that every alpinist will experience at some point while perusing in the mountains. I wanted to continue...more then anything. We had worked so hard, planned so much. We looked over hundreds of pictures, watched videos, read blogs and guide books, gleaned beta from friends who had attempted the route and obsessed over it for months. At the same time, I couldn't shake the the deep, persistent, gut feeling that we should go down. I began the route not entirely mentally ready, and now had let my physical condition dwindle. James, on the other hand, was mentally strong, prepared and physically strong as a draft horse. I didn't want to let him down and his positive energy seeped into my psyche giving me a boost. I decided to push on, ignoring intuition.

Climbing up between the Cat's Ears revealed a gut wrenching repel into a notch which spelled the point of no return. Once again ignoring my gut, I threaded the rope through my belay device and stepped off into the void: we were committed.

James lead the majority of the climbing that day and even though I was continually weighed down with thoughts of retreat, the climbing was engaging and enjoyable and the views unmatched. I actually started to have fun. We climbed throughout the day and decided to set up camp on a beautiful saddle over looking a jaw-dropping expanse of fractured glaciers. It was around 5 pm and we had been climbing for around 9 hrs. The sun had been blazing all day and it wasn't until we stopped moving that we realized how cold it really was. It was bitter. James suggested it was early enough to continue on but I was spent and convinced him we should stay put and re-fuel. This turned out to be a fortuitous decision.  As we sat in our sleeping bags sipping hot brew and listening to the blood curdling rumbles of serac fall, It dawned on me that some time had passed since I had had feeling in my toes. It seems strange now to not have noticed this sooner, but when I think about it, there have been a number of times climbing that I didn't feel my toes for a period. The difference this time was they didn't quickly warm back up when I got into my sleeping bag. Upon pulling off my socks I was stunned with what I saw. My toes were chalk white. It reminded me of a cheesy investigative TV show when they pull the bloated, water logged body from the murky river...my toes looked dead.  I quickly sunk them back into my sleeping bag in order to hide them from James (and myself). After 20 minutes of attempting to rewarm them I begrudgingly announced that I thought I may be in trouble. I revealed my grossly discolored toes to which (being the eternal optimist) he responded,"eh, they don't look too bad." I knew he was humoring me but I clutched a hold on his positive intentions as I couldn't yet admit to the truth of the situation. We decided to continue to try and rewarm them and reevaluate in the morning. Even with warm water bottles, a down jacket wrapped around them and stuffed in my 0 degree sleeping bag, I never did regain feeling in my digits that night.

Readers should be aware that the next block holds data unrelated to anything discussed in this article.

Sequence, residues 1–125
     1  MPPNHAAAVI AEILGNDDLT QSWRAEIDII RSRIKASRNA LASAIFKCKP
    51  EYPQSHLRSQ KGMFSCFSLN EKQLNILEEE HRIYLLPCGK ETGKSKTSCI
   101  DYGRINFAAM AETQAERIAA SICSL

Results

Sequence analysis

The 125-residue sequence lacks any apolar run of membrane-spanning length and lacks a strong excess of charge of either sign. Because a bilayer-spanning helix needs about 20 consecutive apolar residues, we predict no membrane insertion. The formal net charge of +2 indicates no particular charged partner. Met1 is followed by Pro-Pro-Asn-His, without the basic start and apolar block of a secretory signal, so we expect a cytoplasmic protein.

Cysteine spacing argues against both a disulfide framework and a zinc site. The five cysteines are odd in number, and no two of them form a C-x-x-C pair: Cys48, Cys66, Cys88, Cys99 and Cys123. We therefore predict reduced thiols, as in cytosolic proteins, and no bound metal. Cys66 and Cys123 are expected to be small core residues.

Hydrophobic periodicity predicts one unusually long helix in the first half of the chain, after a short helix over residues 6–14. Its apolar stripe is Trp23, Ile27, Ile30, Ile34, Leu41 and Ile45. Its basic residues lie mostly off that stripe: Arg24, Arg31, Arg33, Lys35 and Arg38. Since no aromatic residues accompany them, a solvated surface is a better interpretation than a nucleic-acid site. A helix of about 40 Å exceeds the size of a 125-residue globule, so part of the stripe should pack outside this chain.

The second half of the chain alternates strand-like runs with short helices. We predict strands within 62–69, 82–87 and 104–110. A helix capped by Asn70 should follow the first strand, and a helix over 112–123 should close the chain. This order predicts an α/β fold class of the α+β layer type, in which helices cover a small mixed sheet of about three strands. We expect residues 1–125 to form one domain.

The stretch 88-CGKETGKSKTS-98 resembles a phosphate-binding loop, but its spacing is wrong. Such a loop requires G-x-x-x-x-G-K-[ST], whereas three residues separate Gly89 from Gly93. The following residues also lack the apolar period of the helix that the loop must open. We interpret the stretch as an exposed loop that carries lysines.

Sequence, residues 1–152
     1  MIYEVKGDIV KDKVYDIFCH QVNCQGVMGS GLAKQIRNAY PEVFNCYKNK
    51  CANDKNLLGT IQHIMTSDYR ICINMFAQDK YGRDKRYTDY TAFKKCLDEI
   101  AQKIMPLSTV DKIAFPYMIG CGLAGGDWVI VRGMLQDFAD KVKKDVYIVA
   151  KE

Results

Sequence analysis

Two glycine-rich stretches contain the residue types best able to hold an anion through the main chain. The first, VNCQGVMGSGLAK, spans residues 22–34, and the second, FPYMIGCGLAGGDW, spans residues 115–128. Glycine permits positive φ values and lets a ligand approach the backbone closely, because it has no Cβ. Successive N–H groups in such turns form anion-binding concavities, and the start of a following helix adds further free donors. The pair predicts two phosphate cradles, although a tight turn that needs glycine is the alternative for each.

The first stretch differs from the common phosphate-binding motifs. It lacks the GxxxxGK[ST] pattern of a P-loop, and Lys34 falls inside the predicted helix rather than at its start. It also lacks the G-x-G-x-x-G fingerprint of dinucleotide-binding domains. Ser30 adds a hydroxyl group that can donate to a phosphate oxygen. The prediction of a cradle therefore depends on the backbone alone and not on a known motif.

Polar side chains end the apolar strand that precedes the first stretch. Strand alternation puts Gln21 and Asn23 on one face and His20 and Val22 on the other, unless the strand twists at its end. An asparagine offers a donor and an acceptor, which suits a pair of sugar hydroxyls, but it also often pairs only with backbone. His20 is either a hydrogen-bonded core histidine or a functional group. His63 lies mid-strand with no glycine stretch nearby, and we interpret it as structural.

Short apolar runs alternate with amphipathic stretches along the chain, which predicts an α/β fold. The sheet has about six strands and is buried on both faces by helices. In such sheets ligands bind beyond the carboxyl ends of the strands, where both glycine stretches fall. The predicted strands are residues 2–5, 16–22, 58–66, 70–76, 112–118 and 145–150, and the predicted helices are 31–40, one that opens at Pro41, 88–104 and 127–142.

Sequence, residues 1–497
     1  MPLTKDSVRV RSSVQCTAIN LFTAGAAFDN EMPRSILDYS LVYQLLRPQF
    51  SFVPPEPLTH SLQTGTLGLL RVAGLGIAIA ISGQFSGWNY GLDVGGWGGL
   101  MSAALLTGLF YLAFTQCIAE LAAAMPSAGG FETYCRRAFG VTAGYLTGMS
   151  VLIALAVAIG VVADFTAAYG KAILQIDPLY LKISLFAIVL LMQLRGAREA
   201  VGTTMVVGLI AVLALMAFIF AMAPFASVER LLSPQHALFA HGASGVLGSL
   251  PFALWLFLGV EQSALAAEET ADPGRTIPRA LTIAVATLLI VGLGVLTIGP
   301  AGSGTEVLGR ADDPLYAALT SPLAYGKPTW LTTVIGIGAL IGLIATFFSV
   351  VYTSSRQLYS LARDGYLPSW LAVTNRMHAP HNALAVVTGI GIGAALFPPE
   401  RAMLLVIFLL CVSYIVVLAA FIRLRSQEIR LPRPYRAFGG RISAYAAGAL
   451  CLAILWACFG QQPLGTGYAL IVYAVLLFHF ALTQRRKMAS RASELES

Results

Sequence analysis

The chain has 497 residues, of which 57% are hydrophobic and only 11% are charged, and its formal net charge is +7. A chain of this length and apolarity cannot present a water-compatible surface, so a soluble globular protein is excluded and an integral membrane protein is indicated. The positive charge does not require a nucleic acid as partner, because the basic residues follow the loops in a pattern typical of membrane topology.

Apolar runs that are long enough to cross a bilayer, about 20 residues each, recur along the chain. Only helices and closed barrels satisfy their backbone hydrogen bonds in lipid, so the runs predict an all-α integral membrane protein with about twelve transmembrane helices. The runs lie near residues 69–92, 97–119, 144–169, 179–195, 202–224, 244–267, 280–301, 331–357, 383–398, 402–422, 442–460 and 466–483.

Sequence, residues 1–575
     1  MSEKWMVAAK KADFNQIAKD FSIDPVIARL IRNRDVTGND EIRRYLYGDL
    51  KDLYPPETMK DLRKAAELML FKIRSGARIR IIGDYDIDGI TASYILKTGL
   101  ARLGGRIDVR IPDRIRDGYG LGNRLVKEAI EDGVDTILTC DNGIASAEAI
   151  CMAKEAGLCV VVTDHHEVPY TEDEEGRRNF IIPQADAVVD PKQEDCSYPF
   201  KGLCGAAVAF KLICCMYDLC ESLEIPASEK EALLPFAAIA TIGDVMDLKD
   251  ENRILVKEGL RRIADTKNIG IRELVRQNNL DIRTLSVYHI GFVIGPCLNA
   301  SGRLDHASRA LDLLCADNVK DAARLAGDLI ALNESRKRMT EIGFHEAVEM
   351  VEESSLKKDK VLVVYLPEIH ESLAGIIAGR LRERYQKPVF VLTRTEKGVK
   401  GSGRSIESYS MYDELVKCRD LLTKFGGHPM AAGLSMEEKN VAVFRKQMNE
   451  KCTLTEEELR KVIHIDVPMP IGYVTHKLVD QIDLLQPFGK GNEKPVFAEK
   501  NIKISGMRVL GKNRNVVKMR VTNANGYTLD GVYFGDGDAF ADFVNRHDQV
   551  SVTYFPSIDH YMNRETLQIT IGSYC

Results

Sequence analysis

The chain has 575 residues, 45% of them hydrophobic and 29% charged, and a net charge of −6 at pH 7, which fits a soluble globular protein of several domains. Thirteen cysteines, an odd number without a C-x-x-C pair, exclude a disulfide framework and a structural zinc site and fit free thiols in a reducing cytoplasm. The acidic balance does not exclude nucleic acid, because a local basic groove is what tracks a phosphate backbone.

In the morning I reluctantly pulled my feet out of my bag to see what our future held. I slid the down jacket off my feet. James and I immediately made eye contact. "We're going down."

 

Until next time...